Freddie Gray’s relatives arrived for the trial in the afternoon, after the prep-school kids had left. By their dress, they seemed to have just gotten off work in the medical and clerical fields. The family did not appear at ease in the courtroom. They winced and dropped their heads as William Porter and his fellow officer Zachary Novak testified to opening the doors of their police van last April and finding Freddie paralyzed, unresponsive, with mucus pooling at his mouth and nose. Four women and one man mournfully listened as the officers described needing to get gloves before they could touch him.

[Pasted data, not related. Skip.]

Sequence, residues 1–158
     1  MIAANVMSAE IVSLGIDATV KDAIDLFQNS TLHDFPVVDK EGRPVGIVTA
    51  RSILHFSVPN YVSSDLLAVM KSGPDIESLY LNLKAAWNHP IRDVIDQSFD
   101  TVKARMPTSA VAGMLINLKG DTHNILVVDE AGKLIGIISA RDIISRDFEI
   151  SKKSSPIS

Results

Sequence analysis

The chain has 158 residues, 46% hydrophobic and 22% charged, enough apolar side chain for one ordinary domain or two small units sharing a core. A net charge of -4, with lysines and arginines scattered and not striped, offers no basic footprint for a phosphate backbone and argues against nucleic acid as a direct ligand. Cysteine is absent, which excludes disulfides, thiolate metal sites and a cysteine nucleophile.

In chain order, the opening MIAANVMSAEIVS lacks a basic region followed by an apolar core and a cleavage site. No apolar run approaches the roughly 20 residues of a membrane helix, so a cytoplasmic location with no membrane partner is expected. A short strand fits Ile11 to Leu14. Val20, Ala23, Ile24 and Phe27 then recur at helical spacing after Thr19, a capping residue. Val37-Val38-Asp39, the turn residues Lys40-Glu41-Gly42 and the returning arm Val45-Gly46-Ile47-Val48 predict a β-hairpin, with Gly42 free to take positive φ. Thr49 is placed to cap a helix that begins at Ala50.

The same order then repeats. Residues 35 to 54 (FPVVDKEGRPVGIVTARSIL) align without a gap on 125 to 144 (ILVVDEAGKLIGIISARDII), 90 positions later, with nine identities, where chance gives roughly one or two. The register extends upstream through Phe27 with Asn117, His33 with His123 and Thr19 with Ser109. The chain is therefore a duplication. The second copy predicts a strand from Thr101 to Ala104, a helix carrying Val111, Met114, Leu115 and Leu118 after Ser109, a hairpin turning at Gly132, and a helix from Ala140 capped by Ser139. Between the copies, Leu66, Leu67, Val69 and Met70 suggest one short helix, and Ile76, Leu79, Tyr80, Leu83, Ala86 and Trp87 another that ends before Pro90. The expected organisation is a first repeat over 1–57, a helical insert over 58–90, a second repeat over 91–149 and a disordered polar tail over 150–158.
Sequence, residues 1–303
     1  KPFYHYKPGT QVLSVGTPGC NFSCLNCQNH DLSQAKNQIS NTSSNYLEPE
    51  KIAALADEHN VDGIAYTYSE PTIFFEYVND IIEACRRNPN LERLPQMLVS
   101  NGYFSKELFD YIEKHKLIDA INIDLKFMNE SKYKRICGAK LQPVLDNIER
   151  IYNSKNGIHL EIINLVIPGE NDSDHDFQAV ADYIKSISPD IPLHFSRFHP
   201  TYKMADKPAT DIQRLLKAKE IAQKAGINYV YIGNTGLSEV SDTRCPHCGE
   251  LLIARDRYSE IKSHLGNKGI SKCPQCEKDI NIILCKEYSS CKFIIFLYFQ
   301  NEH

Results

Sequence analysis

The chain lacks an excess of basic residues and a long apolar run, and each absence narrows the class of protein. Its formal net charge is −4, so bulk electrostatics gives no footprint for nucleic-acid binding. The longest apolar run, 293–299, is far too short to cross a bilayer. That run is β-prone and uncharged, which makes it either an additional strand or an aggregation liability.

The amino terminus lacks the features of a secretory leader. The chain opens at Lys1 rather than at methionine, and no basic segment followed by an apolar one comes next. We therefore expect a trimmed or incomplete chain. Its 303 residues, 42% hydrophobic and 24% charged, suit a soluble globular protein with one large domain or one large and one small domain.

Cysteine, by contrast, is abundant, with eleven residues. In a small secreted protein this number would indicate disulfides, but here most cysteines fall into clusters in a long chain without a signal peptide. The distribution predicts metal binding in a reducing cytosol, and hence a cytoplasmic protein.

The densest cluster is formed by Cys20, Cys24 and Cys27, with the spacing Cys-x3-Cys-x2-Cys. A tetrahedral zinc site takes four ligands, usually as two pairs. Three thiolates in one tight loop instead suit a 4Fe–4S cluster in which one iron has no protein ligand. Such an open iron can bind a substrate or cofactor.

The first of six Baltimore police officers to be brought before the court for their treatment of Freddie Gray, a black twenty-five-year-old whose death in their custody was the immediate cause of the city’s uprising last spring, William Porter is young, black, and on trial. Here in this courtroom, in this city, in this nation, race and the future seem so intertwined as to be the same thing.
Average speed of Heinz ketchup, from the mouth of an upended bottle, in miles per year:
After studying the fall of 64,000 individual raindrops, scientists found that some small raindrops fall faster than they ought to.
The Playboy mansion in California was bought by the heir to the Twinkie fortune, and a New Mexico man set fire to his apartment to protest his neighbors’ loud lovemaking.